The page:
Kenya's Nobel laureate Wangari Maathai dies aged 71

 

The BBC's Will Ross said Ms Maathai was seen as a source of inspiration

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Kenya's Nobel laureate Wangari Maathai has died in Nairobi while undergoing cancer treatment. She was 71.

She won the Nobel Peace Prize in 2004 for promoting conservation, women's rights and transparent government - the first African woman to get the award.

She was elected as an MP in 2002 and served as a minister in the Kenyan government for a time.

Ms Maathai founded the Green Belt Movement, which has planted 20-30 million trees in Africa.

'Role model and heroine'

"It is with great sadness that the family of Professor Wangari Maathai announces her passing away on 25 September, 2011, at the Nairobi Hospital, after a prolonged and bravely borne struggle with cancer," the Green Belt Movement said in a statement.

"Her loved ones were with her at the time.

"Professor Maathai's departure is untimely and a very great loss to all who knew her - as a mother, relative, co-worker, colleague, role model, and heroine; or who admired her determination to make the world a more peaceful, healthier, and better place."

The organisation did not provide further details.

Ms Maathai, who was a professor of veterinary anatomy, rose to international fame for campaigns against government-backed forest clearances in Kenya in the late 1980s-90s.

Under the former government of President Daniel Arap Moi, she was arrested several times, and vilified.

In 2008, Ms Maathai was tear-gassed during a protest against the Kenyan president's plan to increase the number of ministers in the cabinet.

The BBC's Solomon Mugera met Ms Maathai a number of times.

For those who loved and admired her, she was "Wangari wetu" - our Wangari - he says. But for her enemies, she was derided as "yule mwanamke" - that woman.

In her speech accepting the Nobel prize, Ms Maathai said she hoped her own success would spur other women on to a more active role in the community.

"I hope it will encourage them to raise their voices and take more space for leadership," she said.

The President of Liberia, Ellen Johnson-Sirleaf, said she was saddened by the news.

"Africa, particularly African women, have lost a champion, a leader, an activist. We're going to miss her. We're going to miss the work she's been doing all these years on the environment, working for women's rights and women's participation," she said.

 

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  • rate this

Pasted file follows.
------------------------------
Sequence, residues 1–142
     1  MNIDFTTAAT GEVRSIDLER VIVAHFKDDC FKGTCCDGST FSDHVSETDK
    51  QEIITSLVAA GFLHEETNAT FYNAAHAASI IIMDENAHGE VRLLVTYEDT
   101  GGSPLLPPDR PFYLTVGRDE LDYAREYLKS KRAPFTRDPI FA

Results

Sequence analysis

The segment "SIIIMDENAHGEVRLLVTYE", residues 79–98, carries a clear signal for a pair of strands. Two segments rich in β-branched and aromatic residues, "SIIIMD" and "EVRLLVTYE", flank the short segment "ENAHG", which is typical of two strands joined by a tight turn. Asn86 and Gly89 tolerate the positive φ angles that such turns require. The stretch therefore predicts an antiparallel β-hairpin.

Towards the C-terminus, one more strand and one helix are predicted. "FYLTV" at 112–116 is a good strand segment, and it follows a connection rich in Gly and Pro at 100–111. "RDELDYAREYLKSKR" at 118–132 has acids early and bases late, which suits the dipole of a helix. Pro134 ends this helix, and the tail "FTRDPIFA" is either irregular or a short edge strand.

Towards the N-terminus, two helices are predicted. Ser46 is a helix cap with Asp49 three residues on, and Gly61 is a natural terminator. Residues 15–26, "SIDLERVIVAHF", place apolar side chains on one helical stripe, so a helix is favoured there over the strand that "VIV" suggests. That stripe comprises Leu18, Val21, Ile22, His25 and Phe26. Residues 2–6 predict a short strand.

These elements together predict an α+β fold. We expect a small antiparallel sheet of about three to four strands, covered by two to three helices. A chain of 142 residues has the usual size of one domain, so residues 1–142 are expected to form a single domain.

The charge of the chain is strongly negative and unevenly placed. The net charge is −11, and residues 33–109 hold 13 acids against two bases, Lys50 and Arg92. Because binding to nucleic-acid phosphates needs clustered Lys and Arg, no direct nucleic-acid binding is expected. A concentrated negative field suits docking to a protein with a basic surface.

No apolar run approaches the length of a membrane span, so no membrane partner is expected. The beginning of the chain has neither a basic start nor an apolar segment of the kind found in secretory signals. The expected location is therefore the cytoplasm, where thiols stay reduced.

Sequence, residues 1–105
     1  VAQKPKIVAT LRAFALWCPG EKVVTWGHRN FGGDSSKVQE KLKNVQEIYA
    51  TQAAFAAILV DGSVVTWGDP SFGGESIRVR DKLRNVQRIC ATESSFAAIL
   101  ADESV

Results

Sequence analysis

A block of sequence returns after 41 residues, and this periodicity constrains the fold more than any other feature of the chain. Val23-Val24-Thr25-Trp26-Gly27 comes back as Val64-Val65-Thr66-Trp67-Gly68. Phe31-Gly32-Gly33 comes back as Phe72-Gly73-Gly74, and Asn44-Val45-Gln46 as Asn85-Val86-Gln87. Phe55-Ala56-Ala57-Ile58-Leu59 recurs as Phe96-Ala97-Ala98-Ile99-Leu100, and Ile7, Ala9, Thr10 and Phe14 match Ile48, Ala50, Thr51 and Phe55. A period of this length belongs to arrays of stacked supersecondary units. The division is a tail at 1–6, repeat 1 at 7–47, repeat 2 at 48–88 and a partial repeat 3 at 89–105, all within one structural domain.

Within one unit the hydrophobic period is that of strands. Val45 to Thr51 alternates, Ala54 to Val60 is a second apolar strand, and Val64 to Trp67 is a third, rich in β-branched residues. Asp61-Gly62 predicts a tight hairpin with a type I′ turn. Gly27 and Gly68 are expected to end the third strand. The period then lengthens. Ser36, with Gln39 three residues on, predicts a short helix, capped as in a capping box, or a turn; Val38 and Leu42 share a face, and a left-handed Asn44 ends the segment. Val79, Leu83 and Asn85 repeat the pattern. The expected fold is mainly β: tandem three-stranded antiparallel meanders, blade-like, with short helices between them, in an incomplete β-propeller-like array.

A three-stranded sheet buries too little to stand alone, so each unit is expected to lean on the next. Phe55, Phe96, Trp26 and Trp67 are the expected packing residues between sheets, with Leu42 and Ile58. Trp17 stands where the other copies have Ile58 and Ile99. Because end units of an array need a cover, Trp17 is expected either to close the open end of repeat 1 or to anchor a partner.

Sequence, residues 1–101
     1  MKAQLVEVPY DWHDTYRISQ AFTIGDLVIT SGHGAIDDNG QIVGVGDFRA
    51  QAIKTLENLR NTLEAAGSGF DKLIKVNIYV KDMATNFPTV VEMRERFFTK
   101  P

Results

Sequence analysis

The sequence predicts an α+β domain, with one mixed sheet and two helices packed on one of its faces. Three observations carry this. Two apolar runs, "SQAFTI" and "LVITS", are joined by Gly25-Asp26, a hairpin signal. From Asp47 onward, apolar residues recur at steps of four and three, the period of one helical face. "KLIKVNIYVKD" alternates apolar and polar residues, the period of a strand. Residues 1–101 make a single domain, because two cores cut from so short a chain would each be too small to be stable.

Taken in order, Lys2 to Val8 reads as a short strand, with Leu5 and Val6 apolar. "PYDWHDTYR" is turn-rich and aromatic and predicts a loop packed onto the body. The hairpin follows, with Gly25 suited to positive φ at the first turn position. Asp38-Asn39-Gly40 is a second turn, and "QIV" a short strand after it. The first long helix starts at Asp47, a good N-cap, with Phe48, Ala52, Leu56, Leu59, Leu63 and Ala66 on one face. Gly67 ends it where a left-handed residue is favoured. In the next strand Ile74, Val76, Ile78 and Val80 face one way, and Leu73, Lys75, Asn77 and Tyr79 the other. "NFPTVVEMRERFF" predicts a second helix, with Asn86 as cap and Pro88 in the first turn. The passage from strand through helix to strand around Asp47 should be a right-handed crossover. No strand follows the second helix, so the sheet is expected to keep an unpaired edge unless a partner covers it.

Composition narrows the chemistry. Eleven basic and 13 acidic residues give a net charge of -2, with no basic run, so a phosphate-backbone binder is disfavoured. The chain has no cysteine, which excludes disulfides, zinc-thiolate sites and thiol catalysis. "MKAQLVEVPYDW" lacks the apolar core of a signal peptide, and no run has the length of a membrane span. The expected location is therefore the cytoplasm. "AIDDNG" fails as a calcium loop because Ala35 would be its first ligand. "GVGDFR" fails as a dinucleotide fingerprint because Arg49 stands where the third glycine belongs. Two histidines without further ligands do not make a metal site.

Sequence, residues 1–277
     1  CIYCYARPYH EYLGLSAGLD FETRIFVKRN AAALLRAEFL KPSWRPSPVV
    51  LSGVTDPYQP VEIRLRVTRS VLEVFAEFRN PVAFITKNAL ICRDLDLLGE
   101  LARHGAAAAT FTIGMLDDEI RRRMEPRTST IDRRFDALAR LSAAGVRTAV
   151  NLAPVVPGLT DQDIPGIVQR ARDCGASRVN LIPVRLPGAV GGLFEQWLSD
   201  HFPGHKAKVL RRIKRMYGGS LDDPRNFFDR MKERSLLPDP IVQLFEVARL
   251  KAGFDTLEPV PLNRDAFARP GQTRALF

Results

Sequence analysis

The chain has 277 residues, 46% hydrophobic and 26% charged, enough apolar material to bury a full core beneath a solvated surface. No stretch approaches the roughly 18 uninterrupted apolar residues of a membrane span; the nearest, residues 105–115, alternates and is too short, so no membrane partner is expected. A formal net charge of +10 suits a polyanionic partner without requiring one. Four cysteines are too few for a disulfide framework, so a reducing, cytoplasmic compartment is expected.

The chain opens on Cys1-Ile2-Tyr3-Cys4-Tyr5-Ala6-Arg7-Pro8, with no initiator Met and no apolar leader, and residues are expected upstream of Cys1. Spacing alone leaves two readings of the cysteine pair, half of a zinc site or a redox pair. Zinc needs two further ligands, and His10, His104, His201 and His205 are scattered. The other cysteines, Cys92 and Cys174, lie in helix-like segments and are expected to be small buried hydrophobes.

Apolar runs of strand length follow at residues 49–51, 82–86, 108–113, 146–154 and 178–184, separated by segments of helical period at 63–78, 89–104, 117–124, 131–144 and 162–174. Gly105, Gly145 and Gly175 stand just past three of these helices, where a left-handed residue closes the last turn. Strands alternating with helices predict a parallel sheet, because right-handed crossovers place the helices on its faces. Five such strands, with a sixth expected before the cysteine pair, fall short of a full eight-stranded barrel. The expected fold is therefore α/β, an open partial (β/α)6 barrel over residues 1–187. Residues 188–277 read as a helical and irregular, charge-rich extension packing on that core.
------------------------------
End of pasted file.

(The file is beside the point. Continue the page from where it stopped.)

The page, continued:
+2

    Comment number 42.

    In Japan Wangari Maathai is known as the activist who spread "Mottainai spirit".

    Mottainai is a Japanese word, means a feeling cherishing everything not to waste thing's value,worth,or merit.

    And I'd like to say is just "Her death is Mottainai"

  • rate this
    +2

    Comment number 35.

    Sorry to hear of the death of this great lady who accomplished so much.

    Our thoughts and prayers are with her family and friends at this sad time.

  • rate this
    +7

    Comment number 31.

    I've been collaborating with Pro Maathia now since August 1999. We worked on afforestation projects in C/Africa, and we had just started our third project, "AFFORESTATION OF THE ZAMBEZI RIVER CATCHMENT AREA". Prof Maathia used several of my images in her publications. She was an inspiration to us all.....Perspicacious, insouciant and one who went about her daily chores with consummate equanimity.

  • rate this
    +4

    Comment number 30.

    Africa has become poorer with the demise of such an icon and a pacesetter for women in particular. Good bye Mama Matai, you have fulfilled your vision of women emancipation and keeping the environment green and clean. You were such a great model for African women , moving ahead even in the face of formidable obstacles. Fare the well.

  • rate this
    +6

    Comment number 29.

    Oh my goodness. This comes as a surprise to us. I have always adored her. As a Ugandan environmentalist, I have lived towards her statements and her efforts of a tree for each individual. Its a great blow to the world of environment.

 

Comments 5 of 10

 

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